Recently, my high school hosted a Women In Science, Technology, Engineering, Art, and Mathematics (S.T.E.A.M.) event. The day served as a jumping-off point for twenty-four of our female students to engage with six different female professionals in S.T.E.A.M.-related careers.
Let’s look how these actions can be brought into the classroom.
Each speaker at our Women in S.T.E.A.M event described her career journey, painting a picture for those in attendance that success—however one defines it—is often not a linear process. Teachers can provide opportunities for students to seek out their passion in the classroom. Course content will most often be the medium through which students discover something that taps into their own interests. During high school, students are trying to find who they are, and where they belong; you are a guide, helping them along their path to self-discovery. Students will identify a lifelong passion when the teacher implements a variety of activities and instructional strategies. And, it’s quite alright if the content isn’t the main focus here.
Over and over, presenters stressed showing up and persistence as a key to empowerment, emphasizing growth as a result of working through a challenge. How can educators structure their course curriculum to create opportunities for risk-taking and constructive failure? A safe environment protects students from destructive criticism during discussions and sharing sessions. Safe spaces permit students the freedom to act creatively and to take chances—they may flop in doing so—and to try again. As educators, it’s equally important to model academic risk-taking for your students. Try a new activity, a new instructional strategy, or new topic in your class. Your students will follow your lead and become more daring in the classroom.
I watched as the students became immersed in conversation with the presenters during the small group Q&A. The dialogue flowed from the sense of community developed within each grouping. As educators, our ability to incorporate small-group work is bound by the number of students in our classrooms. Whether you teach in a lecture hall, online, or in a laboratory, I encourage you to create a community dynamic. Focus on the creation of purposeful small group opportunities throughout the year, and you’ll see student involvement multiply through a shared sense of ownership. See my blog post, “E Pluribus Unum: What Social Studies Taught Me About Teaching,” for more tips on creating a sense of community in the classroom.
Each presenter spoke of adjusting to constant career changes. Goals, supervisors, job titles—all these things and more will be fluid and should be welcomed as part of the process. If you equip your students to anticipate challenging terrain on the road ahead, then states of flux develop into positive learning experiences. Teachers who model a positive tone when the unexpected materializes help students develop a growth mindset. For example: how do you react when the A/V equipment isn’t working properly, the class is interrupted by office announcements, or a student asks a question for which you don’t have an immediate answer? Do you model flexibility and positivity?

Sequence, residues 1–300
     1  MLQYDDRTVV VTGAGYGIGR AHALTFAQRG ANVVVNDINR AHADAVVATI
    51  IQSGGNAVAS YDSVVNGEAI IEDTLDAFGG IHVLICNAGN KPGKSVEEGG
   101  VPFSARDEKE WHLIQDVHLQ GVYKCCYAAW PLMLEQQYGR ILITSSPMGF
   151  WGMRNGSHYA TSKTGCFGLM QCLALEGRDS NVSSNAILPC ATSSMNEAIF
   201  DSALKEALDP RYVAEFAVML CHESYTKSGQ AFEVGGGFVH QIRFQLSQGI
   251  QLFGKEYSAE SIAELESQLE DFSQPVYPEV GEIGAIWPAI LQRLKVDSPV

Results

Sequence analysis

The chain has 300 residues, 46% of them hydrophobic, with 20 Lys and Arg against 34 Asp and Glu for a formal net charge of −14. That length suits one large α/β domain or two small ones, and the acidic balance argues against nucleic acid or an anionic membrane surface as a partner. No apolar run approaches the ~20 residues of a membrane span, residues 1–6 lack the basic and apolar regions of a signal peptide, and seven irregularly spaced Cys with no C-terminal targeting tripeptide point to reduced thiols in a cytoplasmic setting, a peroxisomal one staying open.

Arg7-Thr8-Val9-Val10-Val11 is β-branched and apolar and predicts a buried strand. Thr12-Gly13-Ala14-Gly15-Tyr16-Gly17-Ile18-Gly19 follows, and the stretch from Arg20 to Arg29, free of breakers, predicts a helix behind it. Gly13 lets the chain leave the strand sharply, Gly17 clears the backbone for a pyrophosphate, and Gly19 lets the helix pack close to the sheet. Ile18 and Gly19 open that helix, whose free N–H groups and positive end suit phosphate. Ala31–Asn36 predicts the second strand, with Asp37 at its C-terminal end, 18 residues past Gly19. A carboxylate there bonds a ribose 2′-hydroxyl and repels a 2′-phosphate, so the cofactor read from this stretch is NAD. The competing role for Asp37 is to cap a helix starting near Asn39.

During our S.T.E.A.M. event, as conversations between students and presenters rolled into the lunch portion of the programming, participants engaged in valuable face time with the various professionals, and suddenly, for many, the future didn’t seem that far away.
You can foster a similar dialogue by inviting a guest speaker to your class to discuss a relevant topic. Try a Google Hangout or Skype with an expert if your location or transportation presents a challenge. Also, you can share a link to a brief video to prompt your students to think about their next five, ten, or fifteen years. Inspiration occurs when students connect the dots from the classroom to career.
So, what experiences have you had in helping students realize their strengths and think about their future? Post a comment in the space below, and I will be sure to connect with you.
Doug Petrick holds an Architectural Engineering degree from Pennsylvania State University and a Masters of Arts in Teaching from California University of Pennsylvania. He is currently a high school Physics teacher at Upper St. Clair High School in Pittsburgh. Doug regularly contributes to a series for educators on the Wiley Network offering practical advice and instructional strategies.
Image credit: Pixabay/WikiImages
About the AuthorMore Content by Douglas Petrick